Wednesday April 28, 1886
Jervis McEntee Diary Entry, April 28, 1886, from the Jervis McEntee papers, 1850-1905, in the Archives of American Art, Smithsonian Institution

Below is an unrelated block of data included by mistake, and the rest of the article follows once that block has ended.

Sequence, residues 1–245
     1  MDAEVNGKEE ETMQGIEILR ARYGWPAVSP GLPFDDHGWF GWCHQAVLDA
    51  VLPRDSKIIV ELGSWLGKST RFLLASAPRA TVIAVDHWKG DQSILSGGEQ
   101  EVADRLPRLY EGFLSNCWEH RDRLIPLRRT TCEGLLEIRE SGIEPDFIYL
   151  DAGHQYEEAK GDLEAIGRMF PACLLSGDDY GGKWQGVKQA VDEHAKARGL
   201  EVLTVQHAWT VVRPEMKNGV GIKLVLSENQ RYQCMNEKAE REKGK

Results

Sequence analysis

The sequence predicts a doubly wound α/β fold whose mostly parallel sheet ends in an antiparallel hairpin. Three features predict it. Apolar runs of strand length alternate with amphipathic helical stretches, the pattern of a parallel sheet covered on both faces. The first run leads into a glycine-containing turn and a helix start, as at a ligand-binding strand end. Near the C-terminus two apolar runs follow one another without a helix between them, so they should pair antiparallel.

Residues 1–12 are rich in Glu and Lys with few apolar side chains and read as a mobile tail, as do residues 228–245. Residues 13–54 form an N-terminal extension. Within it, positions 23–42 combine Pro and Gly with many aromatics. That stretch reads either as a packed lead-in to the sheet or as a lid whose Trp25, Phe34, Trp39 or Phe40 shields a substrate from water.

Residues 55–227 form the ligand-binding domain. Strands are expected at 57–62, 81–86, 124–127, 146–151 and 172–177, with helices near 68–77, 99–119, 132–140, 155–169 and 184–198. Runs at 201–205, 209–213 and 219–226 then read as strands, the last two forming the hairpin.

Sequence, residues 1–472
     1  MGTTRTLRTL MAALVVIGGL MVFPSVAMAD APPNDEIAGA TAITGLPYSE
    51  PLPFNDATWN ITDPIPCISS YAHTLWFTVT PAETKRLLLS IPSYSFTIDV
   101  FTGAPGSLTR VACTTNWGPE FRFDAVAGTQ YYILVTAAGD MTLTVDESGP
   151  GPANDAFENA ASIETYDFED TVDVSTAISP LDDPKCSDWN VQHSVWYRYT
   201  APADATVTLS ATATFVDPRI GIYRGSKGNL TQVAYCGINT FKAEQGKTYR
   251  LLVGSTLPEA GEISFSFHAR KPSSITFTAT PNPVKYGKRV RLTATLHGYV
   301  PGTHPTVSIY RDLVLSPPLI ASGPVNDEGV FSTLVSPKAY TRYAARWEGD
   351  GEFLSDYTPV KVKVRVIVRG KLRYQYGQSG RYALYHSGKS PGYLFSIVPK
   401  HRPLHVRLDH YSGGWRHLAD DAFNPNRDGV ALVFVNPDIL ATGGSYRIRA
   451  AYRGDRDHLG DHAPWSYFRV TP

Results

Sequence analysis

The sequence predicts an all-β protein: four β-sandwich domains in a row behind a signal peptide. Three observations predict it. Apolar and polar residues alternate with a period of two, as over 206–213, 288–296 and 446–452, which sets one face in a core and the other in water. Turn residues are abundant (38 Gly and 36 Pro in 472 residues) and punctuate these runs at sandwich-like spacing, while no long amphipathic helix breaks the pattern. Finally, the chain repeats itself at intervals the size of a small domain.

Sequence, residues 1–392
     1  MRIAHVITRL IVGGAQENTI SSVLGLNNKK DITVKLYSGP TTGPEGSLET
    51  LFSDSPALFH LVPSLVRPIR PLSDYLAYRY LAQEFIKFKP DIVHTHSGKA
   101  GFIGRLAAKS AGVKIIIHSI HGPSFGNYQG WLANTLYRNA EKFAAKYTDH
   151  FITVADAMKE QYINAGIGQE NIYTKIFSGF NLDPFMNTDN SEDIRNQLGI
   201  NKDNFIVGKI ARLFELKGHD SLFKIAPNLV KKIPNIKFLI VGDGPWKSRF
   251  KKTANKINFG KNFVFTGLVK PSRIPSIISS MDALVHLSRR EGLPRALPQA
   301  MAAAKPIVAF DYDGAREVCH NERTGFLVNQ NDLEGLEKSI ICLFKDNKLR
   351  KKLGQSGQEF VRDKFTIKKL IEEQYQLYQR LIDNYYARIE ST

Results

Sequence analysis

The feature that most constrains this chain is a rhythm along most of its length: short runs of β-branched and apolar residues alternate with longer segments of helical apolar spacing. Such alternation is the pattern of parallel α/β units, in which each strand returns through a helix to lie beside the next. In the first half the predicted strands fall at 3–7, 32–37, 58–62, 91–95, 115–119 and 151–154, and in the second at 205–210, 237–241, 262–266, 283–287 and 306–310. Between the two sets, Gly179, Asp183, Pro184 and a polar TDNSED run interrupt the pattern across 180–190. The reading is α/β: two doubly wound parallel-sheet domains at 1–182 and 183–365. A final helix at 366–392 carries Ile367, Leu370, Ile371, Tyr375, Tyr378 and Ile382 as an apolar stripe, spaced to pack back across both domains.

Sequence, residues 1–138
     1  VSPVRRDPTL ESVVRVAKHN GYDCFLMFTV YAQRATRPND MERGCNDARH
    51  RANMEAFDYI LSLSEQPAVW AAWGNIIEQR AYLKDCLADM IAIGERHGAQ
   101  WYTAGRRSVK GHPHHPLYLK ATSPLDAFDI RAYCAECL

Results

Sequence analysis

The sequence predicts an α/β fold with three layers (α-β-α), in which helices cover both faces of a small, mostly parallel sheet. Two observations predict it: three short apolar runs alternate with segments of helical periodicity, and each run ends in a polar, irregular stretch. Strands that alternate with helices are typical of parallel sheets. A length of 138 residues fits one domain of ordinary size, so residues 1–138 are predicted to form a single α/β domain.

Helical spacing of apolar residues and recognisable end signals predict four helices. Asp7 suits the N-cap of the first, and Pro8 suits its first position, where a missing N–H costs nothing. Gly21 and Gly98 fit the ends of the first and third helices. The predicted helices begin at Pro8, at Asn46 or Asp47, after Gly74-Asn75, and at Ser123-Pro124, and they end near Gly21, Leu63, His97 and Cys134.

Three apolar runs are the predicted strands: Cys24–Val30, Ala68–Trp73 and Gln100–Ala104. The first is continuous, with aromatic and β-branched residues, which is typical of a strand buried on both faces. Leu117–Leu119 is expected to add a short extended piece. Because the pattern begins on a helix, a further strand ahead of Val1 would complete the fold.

Wednesday, Apr 28, 1886 Booth sent me a box with seats for four. I went over and told Mary and Marion. Called at Mrs. Custers apartment to invite her but she has not returned. McCann says she is expected tomorrow so I asked Bowyer in stead. Remained to lunch. Tried to paint a little picture of an effect I saw on the river Saturday, but it is poor. I am in no mood for painting, my picture came back from Gills today. I dont think I will send there again. I dont think he tries to sell my pictures. Mary, Marion, Bowyer and I attended the Salvini-Booth Othello representation this evening and had box 31 on the left side, first tier next the proscenium box. The house was packed to the ceiling with an intelligent audience. The moment Booth came on we all noticed something was wrong. We could not hear a word and his voice seemed thick and as the noise of people coming in late subsided it was apparent Booth was hampered by some disadvantage. Of course we suspected what was the matter and we were all full of anxiety. He had to be prompted several times, his utterance was thick and spiritless and he repeated his phrases. In the scene between him and Othello where he insinuates Desdemonas infidelity and where the Moor in his phrensy throttles him and flings him on the floor, he arose, staggered backward towards the front of the stage and fell backwards at full length upon the foot lights breaking the guard rod in his fall. Some one from the audience sprang and assisted him to rise, when he went on with his part. But the strain of anxiety was terrible. I went over to Mrs. Stoddards box on the opposite side of the house to see if she noticed any thing wrong. She only said "those horrid people in the next box said when he fell, he is drunk." Salvini acted with great power but Booths performance of this one of his greatest characters was disappointing and discouraging. I had a feeling of the greatest pity for him and wished I could hide him from what seemed to me a situation which must cover him with shame. It was an awful evening to me and to all of us.
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